I first came to know you, Evan, through Little League Baseball at Westchester American Little League in Southern California. Back then, everyone knew you as Mark.  You were always known as a very good athlete who had natural athletic abilities, no matter what sport you were involved with.  But besides your athleticism, your musical talents got you more and more recognition as we entered our teens.  Although I, too, was a musician, and at age 10-12 played clarinet and a little bit of alto sax in a little pre-teen Dixieland Jazz band called Gary Chase's Musical Aces, where we won several battle-of-the-bands titles at such events as the L.A. County Fair.  That, in turn, put us on the rich and fancy bar-mitzvah circuit for the children of Beverly Hills' and Hollywood's elite, but that gig never gave me the same recognition as a player in a rock-n-roll band got you. Buck toothed clarinet players don't get you the chicks in jr. high school, Dude.

Evan, you who first honed your skills on accordion, began concentrating on a full range of keyboards in our early teens and you formed a rock band with a guy named Richard Histed on drums, Steve Campbell on bass, Jim Lord (I think Jim was his first name; it escapes me now) on lead guitar and, I believe, John Elg on rhythm guitar.  You guys were the best rock group from our community and periodically headlined our local teen dances.  Because you guys had the best keyboardist around in Mark Evan Harlan, and although the other guys were pretty damn good, too, you were known and respected as the only guy around our town able to nail down the keyboard parts of the Doors' LP version of Light My Fire and Iron Butterfly's LP version of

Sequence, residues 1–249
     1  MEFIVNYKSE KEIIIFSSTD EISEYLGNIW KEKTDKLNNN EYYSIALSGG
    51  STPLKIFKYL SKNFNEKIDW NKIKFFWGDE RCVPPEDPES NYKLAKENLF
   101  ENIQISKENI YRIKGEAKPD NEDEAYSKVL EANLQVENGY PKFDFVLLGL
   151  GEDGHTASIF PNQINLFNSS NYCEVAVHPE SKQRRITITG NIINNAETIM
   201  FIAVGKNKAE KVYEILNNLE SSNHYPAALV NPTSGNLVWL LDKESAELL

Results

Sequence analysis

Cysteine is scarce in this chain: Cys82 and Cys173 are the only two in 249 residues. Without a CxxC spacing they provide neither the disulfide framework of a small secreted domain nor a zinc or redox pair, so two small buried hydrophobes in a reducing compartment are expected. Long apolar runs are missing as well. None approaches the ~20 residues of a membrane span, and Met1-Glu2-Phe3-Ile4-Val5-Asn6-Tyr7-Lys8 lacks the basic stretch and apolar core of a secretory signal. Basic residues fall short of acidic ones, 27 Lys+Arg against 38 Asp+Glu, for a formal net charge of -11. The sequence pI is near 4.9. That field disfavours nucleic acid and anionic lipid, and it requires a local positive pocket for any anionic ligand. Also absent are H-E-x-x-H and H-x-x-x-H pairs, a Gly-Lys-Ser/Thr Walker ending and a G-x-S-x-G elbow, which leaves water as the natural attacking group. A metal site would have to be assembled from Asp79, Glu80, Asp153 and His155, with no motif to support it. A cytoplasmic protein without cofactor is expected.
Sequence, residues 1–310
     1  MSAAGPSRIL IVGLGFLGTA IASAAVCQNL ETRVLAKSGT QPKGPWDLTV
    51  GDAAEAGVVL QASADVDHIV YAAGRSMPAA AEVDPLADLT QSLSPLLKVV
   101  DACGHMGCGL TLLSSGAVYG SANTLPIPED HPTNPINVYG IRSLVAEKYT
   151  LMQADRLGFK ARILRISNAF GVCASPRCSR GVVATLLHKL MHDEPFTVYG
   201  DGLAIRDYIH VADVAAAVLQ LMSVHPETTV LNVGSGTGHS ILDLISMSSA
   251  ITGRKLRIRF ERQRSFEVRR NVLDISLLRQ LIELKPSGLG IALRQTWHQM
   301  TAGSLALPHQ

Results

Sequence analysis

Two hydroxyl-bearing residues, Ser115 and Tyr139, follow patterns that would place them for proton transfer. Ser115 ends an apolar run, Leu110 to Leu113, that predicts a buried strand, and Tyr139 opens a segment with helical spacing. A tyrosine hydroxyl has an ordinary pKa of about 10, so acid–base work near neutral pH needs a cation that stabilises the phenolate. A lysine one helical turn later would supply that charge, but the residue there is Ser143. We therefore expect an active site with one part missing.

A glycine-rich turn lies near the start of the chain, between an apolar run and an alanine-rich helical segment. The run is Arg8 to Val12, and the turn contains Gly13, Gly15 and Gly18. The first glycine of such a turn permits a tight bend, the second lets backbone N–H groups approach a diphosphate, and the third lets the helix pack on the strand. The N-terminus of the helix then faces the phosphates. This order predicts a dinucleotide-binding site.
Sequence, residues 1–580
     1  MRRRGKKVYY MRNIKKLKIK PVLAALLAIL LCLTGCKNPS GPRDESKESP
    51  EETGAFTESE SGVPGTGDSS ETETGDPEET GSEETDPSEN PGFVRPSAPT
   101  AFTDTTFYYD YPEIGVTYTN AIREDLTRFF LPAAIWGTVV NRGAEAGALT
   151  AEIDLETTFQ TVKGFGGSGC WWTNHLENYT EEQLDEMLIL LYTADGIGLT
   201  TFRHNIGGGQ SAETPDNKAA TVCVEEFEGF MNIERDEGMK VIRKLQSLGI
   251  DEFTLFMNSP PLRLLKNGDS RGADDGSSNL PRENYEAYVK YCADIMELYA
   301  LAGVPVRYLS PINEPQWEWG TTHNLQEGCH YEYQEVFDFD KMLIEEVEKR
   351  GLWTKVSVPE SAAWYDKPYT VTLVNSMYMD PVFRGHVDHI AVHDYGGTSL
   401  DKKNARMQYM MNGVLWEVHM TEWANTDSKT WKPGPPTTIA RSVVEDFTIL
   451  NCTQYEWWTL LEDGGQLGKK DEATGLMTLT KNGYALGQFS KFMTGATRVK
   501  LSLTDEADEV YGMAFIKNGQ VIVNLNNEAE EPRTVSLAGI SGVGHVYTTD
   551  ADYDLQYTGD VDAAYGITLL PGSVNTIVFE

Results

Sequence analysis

Inna-gadda-da-vida on the Farfisa in the early version of the band. That was HUGE back then for the "Chick Factor."  In later versions of that band, and as you all became better craftsmen, you expanded your improvisational skills at soloing after being influenced by players the likes of Lee Michaels and Keith Emerson and groups like Spencer Davis, Electric Flag, and such.  You kept on expanding your skills as you expanded your musical tastes.  And

as your tastes grew, you carried me along (as well as several of our mutual friends) on a journey of a love for many styles of music, and musicianship especially, that you introduced us to.  I think musicianship appreciation is what I have most learned from you, because the way I see it, without a good musician the music has no life on its own.  Music must have the talent of a fine musician playing it to bring forth the life it is meant to give away to the listener.  It was your ear for honest to goodness fine music and playing, whatever the genre, (even before we knew the meaning of music genre), that taught so many of us, your oldest and earliest friends, how to listen to the music deeper and it gave us that same appreciation for musical talent; and I, for one, especially thank you.